The campaign is “hyperlocal,” Todd David said. “The only thing we have in common with any of the other recalls is timing. Our recall has nothing to do with any other recalls going on anywhere else in California or the nation.”

Ken Tray, former political director of the United Educators of San Francisco (UESF), sees a broader strategy in investments from right-wing billionaires who want to build a new school board that will expand charter schools in the city. The San Francisco School Board and UESF have long kept charter schools out of the district.

All three of these school board members are not folks who are going to approve a charter school in general,”  Tray said.  “Consistently, over the last number of years, the school board has not voted in favor of charters.”

In the 2020 school board races in Oakland, Rock gave $37,500 to the Power2Families PAC, which supported a charter-friendly slate (Michael Bloomberg gave $200,000). Rock also funds the National Alliance of Charter Schools and is a partner in the charter school management company Rocketship Education. Rock is one of the most prominent figures in California working to expand charter schools, according to Clare Crawford, a school privatization researcher at the nonprofit In the Public Interest.

David denies the link. “Charter schools are, politically, incredibly unpopular in San Francisco,” he said. “That there are some people with some connections to charters, if anything, that is harmful to the messaging. There’s no connection to pro-charter, anti-charter agenda at all.”

David’s PAC collected $74,000 from the California Association of Realtors, and another $7,500 from the San Francisco Apartment Association. Why would the real estate sector invest in an education recall? 

“The school district is the second largest landowner in the city of San Francisco,” Moliga said. “To me, it’s like, OK, well what do people want? Are people interested in developing on school district land? Are you interested in pushing efforts around creating charter schools in San Francisco? Or privatizing schools in San Francisco?”

School districts have a lot of real estate and often in really prime locations,” Crawford said. “Charter growth also accelerates the sell-off of public assets because it contributes to the decline in enrollment in district managed schools. There’s a lot of pressure to unload what’s viewed as excess property.”

The California Association of Realtors did not return requests for comment.

Even in Deep-Blue San Francisco, All Signs Point to Recall

Supporters of the San Francisco school board recall say the commissioners engaged in a farcical effort to rename 44 high schools during the height of the pandemic in 2020 and 2021, including schools named for Abraham Lincoln, George Washington and Dianne Feinstein, and that they did so at the expense of planning the district’s reopening. 

On Fox News, SFUSD’s renaming campaign became a favorite example of woke culture gone too far following the George Floyd uprisings. 

Even more contentiously, the board switched from test-based admissions to lottery admissions at Lowell High School, the city’s elite public high school where students compete with infamous intensity for academic status achievements. The switch to lottery admissions outraged Lowell parents, students and alumni, exploding racial tensions between Black and Asian San Franciscans. (Asian students have comprised over 50% of the students at Lowell though Asian Americans are only 30% of the city’s population; Black students, in a city where Black children represent 5.5% of the total, have been under 2%.)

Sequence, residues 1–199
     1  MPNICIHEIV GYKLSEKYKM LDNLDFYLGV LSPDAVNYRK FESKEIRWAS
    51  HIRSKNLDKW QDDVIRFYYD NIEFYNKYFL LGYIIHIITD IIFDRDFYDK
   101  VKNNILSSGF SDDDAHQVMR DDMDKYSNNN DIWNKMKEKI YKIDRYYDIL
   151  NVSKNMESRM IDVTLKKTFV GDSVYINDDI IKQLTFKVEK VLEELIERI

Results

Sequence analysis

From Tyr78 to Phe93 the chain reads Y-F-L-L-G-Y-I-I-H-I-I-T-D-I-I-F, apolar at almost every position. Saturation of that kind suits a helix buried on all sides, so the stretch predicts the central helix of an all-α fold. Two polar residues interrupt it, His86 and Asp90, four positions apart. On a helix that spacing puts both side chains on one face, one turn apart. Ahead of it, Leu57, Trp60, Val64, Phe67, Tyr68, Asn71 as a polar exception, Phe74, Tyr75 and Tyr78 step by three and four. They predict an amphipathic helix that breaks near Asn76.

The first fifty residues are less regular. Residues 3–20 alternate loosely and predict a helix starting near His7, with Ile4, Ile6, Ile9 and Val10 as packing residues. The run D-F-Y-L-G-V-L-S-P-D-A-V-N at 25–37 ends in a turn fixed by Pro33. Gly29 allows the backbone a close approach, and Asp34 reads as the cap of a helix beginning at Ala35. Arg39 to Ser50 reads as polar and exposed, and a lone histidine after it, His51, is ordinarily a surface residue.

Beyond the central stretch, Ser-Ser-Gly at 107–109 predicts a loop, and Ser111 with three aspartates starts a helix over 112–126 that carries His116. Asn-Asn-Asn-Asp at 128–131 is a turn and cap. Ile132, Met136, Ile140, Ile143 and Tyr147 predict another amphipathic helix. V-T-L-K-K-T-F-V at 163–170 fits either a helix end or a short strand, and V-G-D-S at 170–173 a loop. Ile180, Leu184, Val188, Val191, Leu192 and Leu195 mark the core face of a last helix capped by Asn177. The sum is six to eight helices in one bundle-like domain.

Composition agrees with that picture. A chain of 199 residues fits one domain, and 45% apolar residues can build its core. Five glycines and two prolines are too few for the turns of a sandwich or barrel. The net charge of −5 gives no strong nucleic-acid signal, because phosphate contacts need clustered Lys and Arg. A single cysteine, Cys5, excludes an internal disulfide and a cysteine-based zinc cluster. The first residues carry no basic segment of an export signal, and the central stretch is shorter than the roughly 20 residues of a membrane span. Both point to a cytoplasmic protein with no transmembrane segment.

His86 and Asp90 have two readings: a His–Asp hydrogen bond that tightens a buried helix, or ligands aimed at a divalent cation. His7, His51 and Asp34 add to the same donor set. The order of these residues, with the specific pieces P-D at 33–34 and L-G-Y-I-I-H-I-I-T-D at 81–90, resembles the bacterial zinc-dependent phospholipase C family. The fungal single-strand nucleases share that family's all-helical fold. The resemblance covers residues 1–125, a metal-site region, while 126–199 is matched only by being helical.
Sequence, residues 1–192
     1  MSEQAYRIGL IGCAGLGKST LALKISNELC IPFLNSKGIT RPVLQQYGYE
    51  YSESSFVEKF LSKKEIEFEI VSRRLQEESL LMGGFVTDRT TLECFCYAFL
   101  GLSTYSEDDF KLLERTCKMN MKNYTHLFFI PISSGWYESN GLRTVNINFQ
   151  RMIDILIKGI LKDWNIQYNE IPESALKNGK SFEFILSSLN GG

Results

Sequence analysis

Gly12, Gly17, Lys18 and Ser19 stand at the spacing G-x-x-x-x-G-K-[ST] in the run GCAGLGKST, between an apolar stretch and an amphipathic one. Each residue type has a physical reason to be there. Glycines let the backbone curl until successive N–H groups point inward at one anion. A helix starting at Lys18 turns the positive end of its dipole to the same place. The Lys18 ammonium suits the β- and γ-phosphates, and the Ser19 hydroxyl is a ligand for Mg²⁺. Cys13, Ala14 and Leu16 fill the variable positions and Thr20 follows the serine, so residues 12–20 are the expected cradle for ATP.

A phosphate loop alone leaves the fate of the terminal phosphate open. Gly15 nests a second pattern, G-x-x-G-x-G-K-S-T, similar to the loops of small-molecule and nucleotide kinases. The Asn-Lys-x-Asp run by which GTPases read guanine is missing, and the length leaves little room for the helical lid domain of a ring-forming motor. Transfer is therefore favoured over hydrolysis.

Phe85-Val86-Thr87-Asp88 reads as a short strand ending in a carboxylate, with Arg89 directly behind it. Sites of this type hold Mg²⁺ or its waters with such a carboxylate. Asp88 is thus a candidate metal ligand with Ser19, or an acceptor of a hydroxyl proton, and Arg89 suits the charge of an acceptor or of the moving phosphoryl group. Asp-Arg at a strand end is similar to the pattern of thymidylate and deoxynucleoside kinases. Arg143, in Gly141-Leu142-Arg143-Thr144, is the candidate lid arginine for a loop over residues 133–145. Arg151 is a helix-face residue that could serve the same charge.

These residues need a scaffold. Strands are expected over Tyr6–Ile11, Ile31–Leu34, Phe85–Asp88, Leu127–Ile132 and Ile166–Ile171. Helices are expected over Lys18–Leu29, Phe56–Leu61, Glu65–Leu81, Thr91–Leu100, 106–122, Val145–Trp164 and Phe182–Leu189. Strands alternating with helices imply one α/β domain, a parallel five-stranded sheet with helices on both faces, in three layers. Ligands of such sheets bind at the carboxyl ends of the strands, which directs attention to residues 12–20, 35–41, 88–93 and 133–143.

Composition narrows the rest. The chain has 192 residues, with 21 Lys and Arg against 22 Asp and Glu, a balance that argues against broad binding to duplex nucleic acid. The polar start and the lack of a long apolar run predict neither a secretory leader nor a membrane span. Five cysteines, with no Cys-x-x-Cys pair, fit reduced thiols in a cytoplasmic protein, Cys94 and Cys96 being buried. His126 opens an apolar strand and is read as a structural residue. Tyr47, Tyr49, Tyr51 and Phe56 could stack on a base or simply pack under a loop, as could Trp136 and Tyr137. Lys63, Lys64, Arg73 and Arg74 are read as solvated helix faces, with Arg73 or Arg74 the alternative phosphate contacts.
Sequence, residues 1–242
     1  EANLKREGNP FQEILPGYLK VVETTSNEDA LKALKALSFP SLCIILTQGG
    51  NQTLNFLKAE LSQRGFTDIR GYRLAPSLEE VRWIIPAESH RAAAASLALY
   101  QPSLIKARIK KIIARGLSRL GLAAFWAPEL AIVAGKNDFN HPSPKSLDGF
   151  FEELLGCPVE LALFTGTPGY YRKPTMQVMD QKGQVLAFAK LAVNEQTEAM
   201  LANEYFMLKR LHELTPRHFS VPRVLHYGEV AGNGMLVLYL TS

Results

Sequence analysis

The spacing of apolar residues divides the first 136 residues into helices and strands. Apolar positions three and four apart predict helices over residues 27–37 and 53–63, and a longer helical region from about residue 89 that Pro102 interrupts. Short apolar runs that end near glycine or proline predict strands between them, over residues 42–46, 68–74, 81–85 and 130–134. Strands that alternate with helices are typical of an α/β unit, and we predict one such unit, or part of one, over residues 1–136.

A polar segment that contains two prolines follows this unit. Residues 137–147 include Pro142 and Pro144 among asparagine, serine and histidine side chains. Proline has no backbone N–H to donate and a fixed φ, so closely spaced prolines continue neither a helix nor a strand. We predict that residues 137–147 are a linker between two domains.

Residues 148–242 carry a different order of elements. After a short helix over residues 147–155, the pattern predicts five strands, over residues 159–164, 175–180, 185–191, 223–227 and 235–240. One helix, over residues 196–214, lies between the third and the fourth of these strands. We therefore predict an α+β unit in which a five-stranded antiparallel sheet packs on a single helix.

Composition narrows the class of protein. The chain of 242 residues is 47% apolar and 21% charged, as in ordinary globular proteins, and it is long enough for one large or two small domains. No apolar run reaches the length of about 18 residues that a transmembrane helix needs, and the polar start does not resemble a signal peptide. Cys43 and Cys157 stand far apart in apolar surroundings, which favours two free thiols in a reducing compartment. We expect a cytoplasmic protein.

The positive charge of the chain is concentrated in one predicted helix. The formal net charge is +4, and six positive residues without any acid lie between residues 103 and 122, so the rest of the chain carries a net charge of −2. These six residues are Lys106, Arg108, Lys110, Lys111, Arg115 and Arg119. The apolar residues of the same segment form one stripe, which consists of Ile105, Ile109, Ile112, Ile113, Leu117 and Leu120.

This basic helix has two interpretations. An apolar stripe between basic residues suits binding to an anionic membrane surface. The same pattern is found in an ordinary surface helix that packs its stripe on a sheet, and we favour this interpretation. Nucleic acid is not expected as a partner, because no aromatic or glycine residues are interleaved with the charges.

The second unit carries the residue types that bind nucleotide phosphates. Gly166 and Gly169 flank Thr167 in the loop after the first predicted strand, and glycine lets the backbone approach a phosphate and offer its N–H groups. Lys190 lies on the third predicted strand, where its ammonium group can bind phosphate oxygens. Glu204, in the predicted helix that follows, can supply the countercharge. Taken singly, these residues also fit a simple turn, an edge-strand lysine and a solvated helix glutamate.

Siva Raj launched his recall PAC with Looijen in February of 2021, after he began to tune into commissioner meetings and discovered the board had scant plans to reopen, he told the National Review. Raj found the commissioners placed reopening at the bottom of their agenda, returning to the topic after spending hours discussing racial diversity at Lowell High, or whether a gay, white dad was diverse enough for a parent volunteer committee. (Weeks before Raj and Looijen filed their recall paperwork, the San Francisco City Attorney’s Office sued the school board for failing to adequately plan its reopening.) 

Coming from India, Raj said he understands the need to address racist history, but “this wasn’t the time to do it. It was such a distraction,” he said, “at a time where we really couldn’t afford any distractions.”

* * *

In San Francisco, some Democrats have pivoted from decrying the recall of Gov. Gavin Newsom to endorsing the recall of Collins, López and Moliga. Mayor Breed, who would appoint the replacements, has endorsed their removal even though she appointed Moliga to his seat in 2018.

When Breed called Moliga to tell him she was supporting his recall, Moliga said he was astonished at her reasoning in spite of his respect for her background. (Like him Breed grew up in housing projects in San Francisco.)

“She says, ‘You haven’t done anything for mental health,’” Moliga said. “That’s false. She says, ‘You haven’t done anything for Pacific Islanders.’ That is a hundred percent false.”

Moliga, a former social worker, maintains he shepherded a number of mental health initiatives during the pandemic, including  the district’s “Wellness Checks” program and a community hub for Samoan students at the Samoan Community Development Center in the Sunnydale housing projects. 

On Feb. 15, Moliga and his colleagues will find out if they can keep their job. And donors like Arthur Rock, David Sacks and the California Association of Realtors will find out if their investments in the recalls have provided returns. 
This story was updated at 12:30pm.

Copyright 2022 Capital & Main